To most rail fans, however, the Romancecar will likely always be linked with the later streamlined Odakyu Super Express trains. In the 1950s, Odakyu collaborated with the Railway Technical Research Institute of Japan National Railways (JNR) to develop the next-generation express trains. The resulting Odakyu 3000 Series SE, for Super Express, was a revolutionary feat of design and engineering. It sported a slippery, paradigm-shattering aerodynamic shape informed by aviation design. In addition, it was engineered to be lightweight, with a low center gravity, and much safer than contemporary trains.

This new Super Express began operation in July 1957, just in time for summer vacation getaways. Two months later, Odakyu and JNR conducted a high-speed trial with the new streamlined Super Express on the JNR Tokaido Main Line. They achieved a high speed of 145 kph (90 mph), fast enough to set the world record for narrow-gauge trains at the time. Significantly, this achievement was instrumental in JNR’s development of the high-speed train that would eventually become the world-famous Shinkansen.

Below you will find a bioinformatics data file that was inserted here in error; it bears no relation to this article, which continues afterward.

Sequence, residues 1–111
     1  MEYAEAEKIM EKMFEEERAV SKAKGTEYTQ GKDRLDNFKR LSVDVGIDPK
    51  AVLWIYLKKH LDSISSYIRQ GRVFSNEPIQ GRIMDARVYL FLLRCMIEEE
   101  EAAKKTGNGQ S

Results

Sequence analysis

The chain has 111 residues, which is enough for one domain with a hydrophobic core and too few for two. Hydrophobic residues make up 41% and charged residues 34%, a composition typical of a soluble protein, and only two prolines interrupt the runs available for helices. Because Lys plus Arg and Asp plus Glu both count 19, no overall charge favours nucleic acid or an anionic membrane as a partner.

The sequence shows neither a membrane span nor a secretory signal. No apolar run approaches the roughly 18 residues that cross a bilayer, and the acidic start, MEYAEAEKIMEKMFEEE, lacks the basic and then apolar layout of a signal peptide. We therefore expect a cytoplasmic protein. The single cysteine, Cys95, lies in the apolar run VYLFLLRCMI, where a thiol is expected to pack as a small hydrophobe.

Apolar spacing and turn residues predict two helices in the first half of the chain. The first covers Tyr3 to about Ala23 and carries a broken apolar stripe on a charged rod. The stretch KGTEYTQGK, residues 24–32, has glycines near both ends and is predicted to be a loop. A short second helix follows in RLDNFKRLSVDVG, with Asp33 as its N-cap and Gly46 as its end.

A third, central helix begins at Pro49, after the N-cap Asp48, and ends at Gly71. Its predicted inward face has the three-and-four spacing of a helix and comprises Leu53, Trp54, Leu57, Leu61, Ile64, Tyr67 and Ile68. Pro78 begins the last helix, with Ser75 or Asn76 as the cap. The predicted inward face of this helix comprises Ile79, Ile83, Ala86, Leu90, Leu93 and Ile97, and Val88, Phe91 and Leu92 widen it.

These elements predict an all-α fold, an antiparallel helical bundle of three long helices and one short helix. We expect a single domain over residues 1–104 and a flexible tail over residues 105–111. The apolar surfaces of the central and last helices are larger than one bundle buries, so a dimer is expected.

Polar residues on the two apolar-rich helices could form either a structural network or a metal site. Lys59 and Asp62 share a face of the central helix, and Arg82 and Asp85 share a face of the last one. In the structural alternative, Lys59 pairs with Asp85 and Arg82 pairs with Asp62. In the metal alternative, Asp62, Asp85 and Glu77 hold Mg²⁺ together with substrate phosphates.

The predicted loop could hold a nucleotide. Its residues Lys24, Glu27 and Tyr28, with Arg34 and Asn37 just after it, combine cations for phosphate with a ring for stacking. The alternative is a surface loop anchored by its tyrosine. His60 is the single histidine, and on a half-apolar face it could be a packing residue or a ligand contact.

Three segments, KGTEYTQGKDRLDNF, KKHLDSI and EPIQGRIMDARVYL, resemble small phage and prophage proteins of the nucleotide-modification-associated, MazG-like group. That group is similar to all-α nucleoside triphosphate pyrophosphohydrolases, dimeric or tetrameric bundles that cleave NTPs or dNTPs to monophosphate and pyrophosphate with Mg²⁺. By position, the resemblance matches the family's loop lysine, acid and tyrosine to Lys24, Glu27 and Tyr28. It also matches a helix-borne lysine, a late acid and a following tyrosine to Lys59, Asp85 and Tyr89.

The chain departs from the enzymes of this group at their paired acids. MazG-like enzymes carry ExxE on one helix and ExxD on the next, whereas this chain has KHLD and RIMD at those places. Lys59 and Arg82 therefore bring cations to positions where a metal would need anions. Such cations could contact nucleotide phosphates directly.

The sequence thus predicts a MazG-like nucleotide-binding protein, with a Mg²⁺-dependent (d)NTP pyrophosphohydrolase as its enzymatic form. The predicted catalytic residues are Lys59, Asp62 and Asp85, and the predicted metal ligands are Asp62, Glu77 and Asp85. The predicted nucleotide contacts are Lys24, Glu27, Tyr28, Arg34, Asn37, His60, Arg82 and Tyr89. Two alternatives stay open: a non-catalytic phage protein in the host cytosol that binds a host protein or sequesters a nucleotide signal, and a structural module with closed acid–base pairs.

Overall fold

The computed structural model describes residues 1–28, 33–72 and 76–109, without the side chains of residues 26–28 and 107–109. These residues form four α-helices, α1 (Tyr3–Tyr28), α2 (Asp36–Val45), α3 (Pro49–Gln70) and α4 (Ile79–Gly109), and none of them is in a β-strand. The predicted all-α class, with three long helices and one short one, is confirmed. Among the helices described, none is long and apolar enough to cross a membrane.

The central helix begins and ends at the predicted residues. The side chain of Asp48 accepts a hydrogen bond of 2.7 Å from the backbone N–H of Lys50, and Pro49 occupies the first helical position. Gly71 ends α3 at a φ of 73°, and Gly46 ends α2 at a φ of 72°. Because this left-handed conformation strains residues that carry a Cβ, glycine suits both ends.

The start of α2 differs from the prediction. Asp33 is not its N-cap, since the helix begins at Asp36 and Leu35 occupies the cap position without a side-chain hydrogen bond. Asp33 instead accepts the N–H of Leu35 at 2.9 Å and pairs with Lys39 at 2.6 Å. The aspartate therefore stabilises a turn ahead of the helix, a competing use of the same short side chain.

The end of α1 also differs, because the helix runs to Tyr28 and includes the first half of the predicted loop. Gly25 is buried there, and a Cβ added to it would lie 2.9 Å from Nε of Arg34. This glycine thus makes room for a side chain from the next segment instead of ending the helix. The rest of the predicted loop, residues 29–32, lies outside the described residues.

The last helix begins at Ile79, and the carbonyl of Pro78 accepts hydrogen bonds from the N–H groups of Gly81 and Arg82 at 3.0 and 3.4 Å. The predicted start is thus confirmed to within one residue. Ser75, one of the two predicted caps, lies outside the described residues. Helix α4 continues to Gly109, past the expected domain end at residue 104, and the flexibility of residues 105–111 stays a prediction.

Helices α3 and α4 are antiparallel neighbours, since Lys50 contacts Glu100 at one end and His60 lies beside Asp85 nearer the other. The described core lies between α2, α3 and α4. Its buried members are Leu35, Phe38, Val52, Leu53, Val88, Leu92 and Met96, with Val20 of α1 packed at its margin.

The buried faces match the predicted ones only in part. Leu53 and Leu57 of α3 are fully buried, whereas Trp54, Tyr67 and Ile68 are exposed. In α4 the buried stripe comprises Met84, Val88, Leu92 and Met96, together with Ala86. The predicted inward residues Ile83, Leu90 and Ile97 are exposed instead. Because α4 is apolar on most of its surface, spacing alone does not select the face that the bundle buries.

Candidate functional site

Needless to say, the 3000 Series SE was a hit. The vermilion bullet became an instant favorite among passengers and rail enthusiasts alike. The train won the inaugural Blue Ribbon Award bestowed by the Japan Railfan Club. A huge commercial success for Odakyu, by 1958 all Shinjuku-Odawara service was replaced by the Super Express. Transit time of the trip was quickly cut down, reaching sixty-four minutes by 1961.

The success of the 3000 Series SE boosted popularity of the Shinjuku-Odawara service even more. No doubt Japan’s economic boom of the 1960s further contributed to increased ridership. Along with the anticipation for the 1964 Tokyo Olympics, Odakyu quickly developed and put into operation the next generation of Romancecars, the 3100 Series NSE (New Super Express).